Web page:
In the unlikely scenario that developed, her late husband's father located her and drove to the resort. He was morally outraged and upset by her actions and insisted that she leave immediately. However, it was late at night and he accepted an offer to stay overnight free of charge in one of the empty cottages until morning, when he would take Susan (and Joan) away.

The next morning after a good night's sleep, Lattimore exclaimed: "I feel like a new man already." But then he looked around and was shocked: "I'm surrounded by naked people." After strolling around for awhile, he saw how innocent, friendly, and natural the nudists were in the "nudist park." He decided to adopt the naturist lifestyle after his short stay and he joined the club as a member. He sincerely apologized to Susan for believing for a moment that she was an unfit mother - and they were reconciled.

As the story ended, Johnny and Susan were married. Lattimore had been quickly converted to the lifestyle and advocated stripping down, before going swimming naked with the newlywed couple: ("Get comfortable. Get out of your clothes. Do you a world of good").


Garden of Eden - Resort Sign


Susan Lattimore (Jamie O'Hara) with daughter Joan



Susan's Dream Sequence



Nudist Camp Activities

Johnny Guitar (1954)

Director Nicholas Ray's unconventional, bizarre, off-beat cult Western from Republic Pictures has sometimes been called a 'lesbian western', because it reversed traditional gender roles while providing commentary on the early 1950s McCarthy era. In the bold-colored (Trucolor), perverse melodrama replete with Freudian sexual symbolism, the two main stars were role-reversed, aggressive females who hated each other:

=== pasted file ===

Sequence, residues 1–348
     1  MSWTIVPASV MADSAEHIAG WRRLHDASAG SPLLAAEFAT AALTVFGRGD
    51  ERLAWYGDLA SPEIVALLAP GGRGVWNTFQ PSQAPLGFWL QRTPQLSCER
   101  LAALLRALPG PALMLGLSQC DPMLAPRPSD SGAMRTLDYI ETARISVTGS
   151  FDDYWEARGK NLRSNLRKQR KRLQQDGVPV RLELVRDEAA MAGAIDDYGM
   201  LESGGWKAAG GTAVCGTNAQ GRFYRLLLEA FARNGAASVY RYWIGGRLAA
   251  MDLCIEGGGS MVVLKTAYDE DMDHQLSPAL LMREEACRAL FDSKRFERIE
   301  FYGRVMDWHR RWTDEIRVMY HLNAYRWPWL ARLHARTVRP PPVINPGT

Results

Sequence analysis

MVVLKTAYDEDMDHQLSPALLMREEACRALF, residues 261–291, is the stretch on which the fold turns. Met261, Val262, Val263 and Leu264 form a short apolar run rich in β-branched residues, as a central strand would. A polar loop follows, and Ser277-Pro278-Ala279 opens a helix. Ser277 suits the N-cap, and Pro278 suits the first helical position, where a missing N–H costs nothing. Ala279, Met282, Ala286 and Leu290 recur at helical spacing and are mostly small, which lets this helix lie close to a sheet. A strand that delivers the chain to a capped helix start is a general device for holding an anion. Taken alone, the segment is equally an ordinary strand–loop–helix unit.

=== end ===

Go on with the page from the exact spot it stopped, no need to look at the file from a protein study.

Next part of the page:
• Vienna (Joan Crawford), a mannish, strong-willed, drag-queen-looking, Arizona saloon-owner, in conflict with the town's cattle ranchers
  • Emma Small (Mercedes McCambridge) - a bull-dyke, spinster rancher, the blood-lusting, mean-spirited, sexually-repressed leader of intolerant, hate-mongering 'good guy' vigilantes

Emma was supported by cattle ranchers who opposed the coming of the railroad and Vienna's support of it - Emma called her a "railroad tramp." The gun-toting Vienna often wore a black shirt, a string tie around her collar, pants, and boots and was described by her saloonkeeper Sam (Robert Osterloh) as masculine:

"Never seen a woman who was more a man. She thinks like one, acts like one, and sometimes makes me feel like I'm not."

The opportunistic Vienna's intention was to wait for business in her mostly-deserted casino, while allowing the townsfolk and a notorious outlaw and former lover known as the Dancin' Kid (Scott Brady) to frequent her saloon. She was looking forward to the arrival of the railroad to be built nearby: "All I have to do is sit here and wait for the railroad to come through. And that is my intention." She knew how lucrative it would become: "The railroad's sending in people by tens, twenties, hundreds, and thousands! You can't keep them all out!"